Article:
Historically, electricity consumption has been viewed as a collection of dumb loads at the end of a distribution system. There has been almost no interaction between the “loads” and those responsible for electricity generations and distribution. The vision of the smart grid changes this picture radically. In a smart grid world, facilities become full partners in supporting and managing the electric grid. Facilities become generators using local renewable or other generation capacity. Facilities moderate electrical demand in response to fluctuations in the price or [availability]sp of electricity. Facilities communicate and negotiate with energy providers, sharing information about the facility’s projected electrical demand or ability to respond to the energy provider’s needs for maintaining grid stability and reliability.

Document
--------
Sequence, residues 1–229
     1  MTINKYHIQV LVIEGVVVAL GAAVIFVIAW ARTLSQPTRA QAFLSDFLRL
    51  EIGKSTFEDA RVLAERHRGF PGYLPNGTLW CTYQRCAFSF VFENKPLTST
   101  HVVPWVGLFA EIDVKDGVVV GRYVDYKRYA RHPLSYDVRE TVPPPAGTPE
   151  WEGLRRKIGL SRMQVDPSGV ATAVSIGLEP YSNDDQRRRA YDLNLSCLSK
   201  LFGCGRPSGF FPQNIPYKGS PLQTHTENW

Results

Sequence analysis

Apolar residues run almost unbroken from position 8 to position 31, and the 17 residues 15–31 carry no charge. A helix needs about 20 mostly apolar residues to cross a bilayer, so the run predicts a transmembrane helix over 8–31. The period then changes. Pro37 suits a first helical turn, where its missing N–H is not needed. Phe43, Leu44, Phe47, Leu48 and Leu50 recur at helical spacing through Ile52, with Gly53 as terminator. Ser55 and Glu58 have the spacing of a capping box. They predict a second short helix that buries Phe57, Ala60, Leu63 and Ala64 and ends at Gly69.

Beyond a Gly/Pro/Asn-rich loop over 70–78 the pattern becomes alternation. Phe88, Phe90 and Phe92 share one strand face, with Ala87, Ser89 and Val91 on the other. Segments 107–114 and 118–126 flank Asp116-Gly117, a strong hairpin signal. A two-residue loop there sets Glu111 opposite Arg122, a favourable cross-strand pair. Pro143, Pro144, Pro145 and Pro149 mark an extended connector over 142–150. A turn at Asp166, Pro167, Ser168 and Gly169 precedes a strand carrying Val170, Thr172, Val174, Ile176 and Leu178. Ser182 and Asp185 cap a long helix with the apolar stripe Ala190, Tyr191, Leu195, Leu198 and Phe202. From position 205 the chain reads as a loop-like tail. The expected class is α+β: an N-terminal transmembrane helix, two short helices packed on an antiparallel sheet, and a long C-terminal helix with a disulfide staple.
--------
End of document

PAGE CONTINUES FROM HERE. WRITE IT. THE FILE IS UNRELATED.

In some respects all facilities have common characteristics and needs with respect to interactions with a smart grid, regardless of whether the facility is a commercial, institutional, or industrial building, or a private home. The Facility Smart Grid Information Model (FSGIM) standard attempts to capture this commonality and standardize the content of the information that a facility manager needs to have, or, in some cases, needs to exchange with the energy provider, in order to manage the facility. Energy providers benefit from the FSGIM standard because it enables interaction with all different types of facilities in a common way. Facility owners benefit because products can be designed for use in multiple facility types and products designed primarily for one type of facility, a home for example, can more easily be used in another, say a commercial building.

An information model is an abstraction, not an implementation. This abstract representation is a way to account for the reality that the technology used to manage a facility may be quite different depending on the type of facility. It is intended that the FSGIM will be used to develop or enhance other standards that define technology and communication protocol specific implementations of the model for particular markets.